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26. Nd2?

Awful. White would have had a fighting chance with 26. Rad1. Keeping the extra piece was far less important than getting the White King to safety. After Steiner's actual move, the game should have been over, the position now being:

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Black to move and win.

26... f4+?

Missing 26...e5 which pretty much ends White's chances of resistance.

After the text, Steiner was able to flee to safety and the win for Black was gone.

27. Kd3 e5

Too late!

28. Bh5

The saving move, the position now being:

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28... Re6?

From here on, Black was lost. He could have saved the game with 28...exd4 or 28...Rg5. But now, he gets massacred:

29. Qg8+ Kd7
30. Qxf7+ Re7
31. Qf5+ Kd6
32. NxB KxN+
33. Kc2

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33... e4

This only speeds the end, but 33...Qd7 would at most prolonged the game.

34. Nxd4 Re5

By this point, Kevitz seemed to be playing like a deer in the headlights. But 34...Qe5 would only have extended the game a few more moves.

35. Qg6+ Kb7

35...Rd6 would not have been much better.

After 35...Kb7, the position was:

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Premium Chessgames Member
  KEG: Post IV

36. NxB

36. Rad1 would have been faster, but this trade also leaves White in complete control and Black helpless.

36... fxN

The intermediate move 36...Rd6 might have slightly lengthened the game.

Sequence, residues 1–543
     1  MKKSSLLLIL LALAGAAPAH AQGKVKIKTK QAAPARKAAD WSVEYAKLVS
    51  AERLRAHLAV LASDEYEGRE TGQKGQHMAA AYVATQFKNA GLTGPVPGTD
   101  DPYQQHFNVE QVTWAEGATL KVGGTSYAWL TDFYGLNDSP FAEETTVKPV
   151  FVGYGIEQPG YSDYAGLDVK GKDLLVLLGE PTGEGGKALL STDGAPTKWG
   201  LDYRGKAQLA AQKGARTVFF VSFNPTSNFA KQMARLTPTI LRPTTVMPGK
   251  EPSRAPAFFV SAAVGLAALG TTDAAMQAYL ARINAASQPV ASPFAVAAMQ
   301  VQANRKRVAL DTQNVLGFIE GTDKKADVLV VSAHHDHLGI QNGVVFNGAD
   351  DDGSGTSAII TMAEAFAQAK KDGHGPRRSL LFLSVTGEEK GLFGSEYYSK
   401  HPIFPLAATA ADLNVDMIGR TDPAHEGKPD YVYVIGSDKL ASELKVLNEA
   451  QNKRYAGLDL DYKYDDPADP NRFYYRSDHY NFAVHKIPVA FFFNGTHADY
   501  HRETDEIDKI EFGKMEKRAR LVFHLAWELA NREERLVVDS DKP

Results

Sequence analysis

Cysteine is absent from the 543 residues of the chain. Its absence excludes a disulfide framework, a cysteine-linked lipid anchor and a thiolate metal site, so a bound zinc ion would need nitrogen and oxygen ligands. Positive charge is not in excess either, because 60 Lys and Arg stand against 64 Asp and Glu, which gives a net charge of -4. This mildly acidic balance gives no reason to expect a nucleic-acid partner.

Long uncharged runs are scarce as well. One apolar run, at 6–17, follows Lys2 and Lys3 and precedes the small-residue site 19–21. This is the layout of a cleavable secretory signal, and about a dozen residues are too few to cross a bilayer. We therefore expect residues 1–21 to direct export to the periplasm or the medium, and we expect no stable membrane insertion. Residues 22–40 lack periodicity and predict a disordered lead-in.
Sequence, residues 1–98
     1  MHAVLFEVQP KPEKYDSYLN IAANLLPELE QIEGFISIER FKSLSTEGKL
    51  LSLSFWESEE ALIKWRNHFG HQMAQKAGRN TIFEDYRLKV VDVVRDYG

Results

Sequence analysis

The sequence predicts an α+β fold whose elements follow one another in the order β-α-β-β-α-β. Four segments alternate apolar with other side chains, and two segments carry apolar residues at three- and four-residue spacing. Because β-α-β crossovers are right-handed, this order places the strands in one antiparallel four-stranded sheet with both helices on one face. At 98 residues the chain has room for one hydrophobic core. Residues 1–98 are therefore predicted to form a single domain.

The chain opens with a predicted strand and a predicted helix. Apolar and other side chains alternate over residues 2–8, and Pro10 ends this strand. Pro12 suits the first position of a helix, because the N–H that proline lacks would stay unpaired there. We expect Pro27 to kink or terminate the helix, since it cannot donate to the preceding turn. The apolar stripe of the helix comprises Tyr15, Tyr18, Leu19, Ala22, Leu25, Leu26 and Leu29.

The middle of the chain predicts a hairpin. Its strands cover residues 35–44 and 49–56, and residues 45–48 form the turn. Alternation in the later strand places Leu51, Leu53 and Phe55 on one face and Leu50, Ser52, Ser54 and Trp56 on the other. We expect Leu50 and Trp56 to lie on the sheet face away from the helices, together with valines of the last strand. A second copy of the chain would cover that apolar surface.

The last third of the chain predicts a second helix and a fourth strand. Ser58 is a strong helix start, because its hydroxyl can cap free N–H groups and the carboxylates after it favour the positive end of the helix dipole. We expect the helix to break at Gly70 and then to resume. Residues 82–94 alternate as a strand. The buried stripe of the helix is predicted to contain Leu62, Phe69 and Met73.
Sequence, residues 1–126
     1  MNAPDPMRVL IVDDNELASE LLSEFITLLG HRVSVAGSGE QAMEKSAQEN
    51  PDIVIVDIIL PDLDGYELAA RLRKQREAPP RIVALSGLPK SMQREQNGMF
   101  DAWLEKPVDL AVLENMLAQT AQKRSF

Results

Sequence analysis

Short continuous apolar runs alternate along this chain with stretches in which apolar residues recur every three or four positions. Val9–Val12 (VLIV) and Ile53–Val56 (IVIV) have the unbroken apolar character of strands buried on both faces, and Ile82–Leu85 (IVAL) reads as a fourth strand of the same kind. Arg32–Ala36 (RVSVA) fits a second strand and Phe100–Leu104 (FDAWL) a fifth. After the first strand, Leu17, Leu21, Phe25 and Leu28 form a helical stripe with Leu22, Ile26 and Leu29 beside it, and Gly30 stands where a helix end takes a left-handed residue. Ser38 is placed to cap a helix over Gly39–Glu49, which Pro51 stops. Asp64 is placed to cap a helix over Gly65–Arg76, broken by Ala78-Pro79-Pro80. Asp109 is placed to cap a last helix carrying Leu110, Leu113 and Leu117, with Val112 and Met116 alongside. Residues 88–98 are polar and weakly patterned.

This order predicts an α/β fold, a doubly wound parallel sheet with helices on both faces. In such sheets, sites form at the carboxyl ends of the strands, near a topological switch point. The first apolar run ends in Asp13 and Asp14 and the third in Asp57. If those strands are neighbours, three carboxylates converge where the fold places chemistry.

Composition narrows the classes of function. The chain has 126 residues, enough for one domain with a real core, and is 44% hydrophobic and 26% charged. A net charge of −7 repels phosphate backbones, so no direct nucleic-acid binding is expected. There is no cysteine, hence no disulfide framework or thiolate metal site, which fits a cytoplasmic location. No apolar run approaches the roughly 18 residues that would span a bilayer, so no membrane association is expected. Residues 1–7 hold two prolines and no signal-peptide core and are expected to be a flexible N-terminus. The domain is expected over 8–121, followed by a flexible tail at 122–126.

37. Rf7

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Kevitz could have safely resigned here.

37... Re7
38. Bf3+

38. RxR obviously also wins immediately.

38... Kc8
39. Qa6+

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39... Kb8

39...Kd7 40. Re1 would also not have been any fun for Black.

40. Qxb5+ Kc8

The only way to avoid a quick mate was with 40...Qb6. But that was also obviously hopeless.

41. Bg4+

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A terrible missed opportunity for Kevitz.

Premium Chessgames Member
  NM JRousselle: This game was a lucky escape for White. 26... e5 looks crushing. I'm sure Black missed lots of other winning continuations.
Premium Chessgames Member
  KEG: <NM JRousselle> It was a lucky escape indeed. The Tournament Book suggests time pressure may have been a factor.

And as you point out, Kevitz could have won more simply even before missing 26...e5.

After 26...f4?, the win was gone.